Saturday, July 27, 2013

Japan #3: Kyoto by Bike. At the Heian Temple at Sundown



Kyoto has hundreds of Buddhist and Shinto shrines and they are among the great treasures of the world.  But they are spread out from hell to breakfast and while I walked and used the bus and subway system to visit a few of them in my first two days there, it is very hot in Kyoto and I became a bit frustrated and “templed out,” as one travel writer put it.

So I rented a bike from the hostel, all day and well into the night for $5.  A few blocks away I got on the greenbelt along the river and took off through the riverside neighborhoods, into a market and, at day’s end, happened upon the glorious Heian Temple. 


Several shallow canals run through the city...

 
A children's slide, Japanese park style...

 
A street in Gion, the long time entertainment zone and geisha enclave in times past.
 

I’ll spare you pictures of the fish and vegetables which are sold from the 126 shops in the covered market.  These were mostly foods processed in some way, the freshest vegetables being in an unheralded spot nearby.  I did find that you can buy candy in the form of rocks or legos.

And others that look like a button and beads kit...

 

I ran into martial arts contestants ….
 

saw a remarkable number of women in traditional attire…
 

and walked through the beautiful trees in the Imperial Palace Park.

At a neighborhood temple I started seeing objects in this beautiful orange.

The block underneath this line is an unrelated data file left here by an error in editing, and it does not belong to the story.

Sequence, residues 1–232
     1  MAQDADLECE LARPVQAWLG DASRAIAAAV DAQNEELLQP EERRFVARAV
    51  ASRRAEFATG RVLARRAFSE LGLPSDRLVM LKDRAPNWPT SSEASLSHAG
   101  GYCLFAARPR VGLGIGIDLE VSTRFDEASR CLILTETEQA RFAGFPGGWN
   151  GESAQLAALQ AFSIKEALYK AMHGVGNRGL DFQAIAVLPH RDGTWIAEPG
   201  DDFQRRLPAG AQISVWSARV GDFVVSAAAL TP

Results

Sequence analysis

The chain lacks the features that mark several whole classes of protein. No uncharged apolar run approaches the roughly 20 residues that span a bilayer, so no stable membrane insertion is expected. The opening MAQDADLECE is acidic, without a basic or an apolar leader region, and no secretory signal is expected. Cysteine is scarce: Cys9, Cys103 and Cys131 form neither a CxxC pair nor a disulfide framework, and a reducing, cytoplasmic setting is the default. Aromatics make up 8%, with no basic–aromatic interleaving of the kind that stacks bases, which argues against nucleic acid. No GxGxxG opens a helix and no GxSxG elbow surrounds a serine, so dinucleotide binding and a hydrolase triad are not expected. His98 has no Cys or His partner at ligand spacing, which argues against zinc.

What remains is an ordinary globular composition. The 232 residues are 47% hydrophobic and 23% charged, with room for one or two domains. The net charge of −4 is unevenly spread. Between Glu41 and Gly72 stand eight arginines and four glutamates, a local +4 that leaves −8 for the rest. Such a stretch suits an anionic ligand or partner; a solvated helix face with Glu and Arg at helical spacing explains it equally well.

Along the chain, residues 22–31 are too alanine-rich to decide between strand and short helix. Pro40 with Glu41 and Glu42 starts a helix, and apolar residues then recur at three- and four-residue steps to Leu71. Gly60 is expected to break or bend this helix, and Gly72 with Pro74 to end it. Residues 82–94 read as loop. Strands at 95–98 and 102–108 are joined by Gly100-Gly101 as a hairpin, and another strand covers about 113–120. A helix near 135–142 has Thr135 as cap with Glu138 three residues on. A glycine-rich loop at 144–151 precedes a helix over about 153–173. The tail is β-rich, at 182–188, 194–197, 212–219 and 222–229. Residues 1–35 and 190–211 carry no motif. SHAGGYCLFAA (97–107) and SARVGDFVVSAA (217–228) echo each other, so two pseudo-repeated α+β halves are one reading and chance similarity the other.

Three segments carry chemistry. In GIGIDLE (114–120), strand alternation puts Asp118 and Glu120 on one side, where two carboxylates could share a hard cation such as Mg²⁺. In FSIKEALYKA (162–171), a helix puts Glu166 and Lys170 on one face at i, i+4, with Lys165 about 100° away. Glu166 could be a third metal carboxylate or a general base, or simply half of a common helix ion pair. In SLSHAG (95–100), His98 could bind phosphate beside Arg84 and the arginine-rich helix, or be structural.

These are prayer requests, I think, on wooden cards and strips of paper.

Then I came upon this same color at the modern art museum.
 

 Finally I found out where the color apparently comes from.  As the sun was going down I came upon the Heian Shrine.
 

The many buildings of the shrine were only built in l885, to commemorate the 1,100 anniversary of Kyoto becoming Japan’s capital.  The buildings are smaller replicas of the first imperial palace completed in 794.  Most of the temples in Japan and Korea have burned or been destroyed once or more and been rebuilt, so this is not unusual. 
 The entry gate...
 
the entry gate seen with the sunken garden of a university library.

 
Attendants wear the shrine colors.

I do not know the history or meaning of the color orange but it is unusually warm and joyful. 

I turned in for the night satisfied with having salvaged a good feeling about Kyoto thanks to a bicycle (and despite blowing a tire and having to limp home).   Orange bridge, my red bicycle. 

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